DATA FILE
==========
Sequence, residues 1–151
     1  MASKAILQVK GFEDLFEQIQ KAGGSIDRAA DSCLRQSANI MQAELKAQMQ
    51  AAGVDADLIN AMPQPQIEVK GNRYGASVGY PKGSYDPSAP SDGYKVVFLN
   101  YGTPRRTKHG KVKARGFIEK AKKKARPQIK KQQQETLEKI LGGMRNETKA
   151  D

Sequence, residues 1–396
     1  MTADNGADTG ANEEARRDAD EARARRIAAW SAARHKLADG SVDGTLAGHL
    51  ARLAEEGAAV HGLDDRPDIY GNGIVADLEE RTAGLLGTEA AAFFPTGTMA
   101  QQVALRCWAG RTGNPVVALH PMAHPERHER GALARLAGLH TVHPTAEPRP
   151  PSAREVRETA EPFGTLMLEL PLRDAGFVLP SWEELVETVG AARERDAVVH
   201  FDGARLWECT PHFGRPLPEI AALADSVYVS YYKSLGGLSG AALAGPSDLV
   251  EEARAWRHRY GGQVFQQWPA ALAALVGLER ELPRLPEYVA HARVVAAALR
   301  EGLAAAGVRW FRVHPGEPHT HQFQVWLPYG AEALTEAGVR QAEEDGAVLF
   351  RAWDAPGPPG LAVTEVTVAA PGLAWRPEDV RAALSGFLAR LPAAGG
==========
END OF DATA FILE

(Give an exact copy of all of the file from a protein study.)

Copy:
Sequence, residues 1–151
     1  MASKAILQVK GFEDLFEQIQ KAGGSIDRAA DSCLRQSANI MQAELKAQMQ
    51  AAGVDADLIN AMPQPQIEVK GNRYGASVGY PKGSYDPSAP SDGYKVVFLN
   101  YGTPRRTKHG KVKARGFIEK AKKKARPQIK KQQQETLEKI LGGMRNETKA
   151  D

Sequence, residues 1–396
     1  MTADNGADTG ANEEARRDAD EARARRIAAW SAARHKLADG SVDGTLAGHL
    51  ARLAEEGAAV HGLDDRPDIY GNGIVADLEE RTAGLLGTEA AAFFPTGTMA
   101  QQVALRCWAG RTGNPVVALH PMAHPERHER GALARLAGLH TVHPTAEPRP
   151  PSAREVRETA EPFGTLMLEL PLRDAGFVLP SWEELVETVG AARERDAVVH
   201  FDGARLWECT PHFGRPLPEI AALADSVYVS YYKSLGGLSG AALAGPSDLV
   251  EEARAWRHRY GGQVFQQWPA ALAALVGLER ELPRLPEYVA HARVVAAALR
   301  EGLAAAGVRW FRVHPGEPHT HQFQVWLPYG AEALTEAGVR QAEEDGAVLF
   351  RAWDAPGPPG LAVTEVTVAA PGLAWRPEDV RAALSGFLAR LPAAGG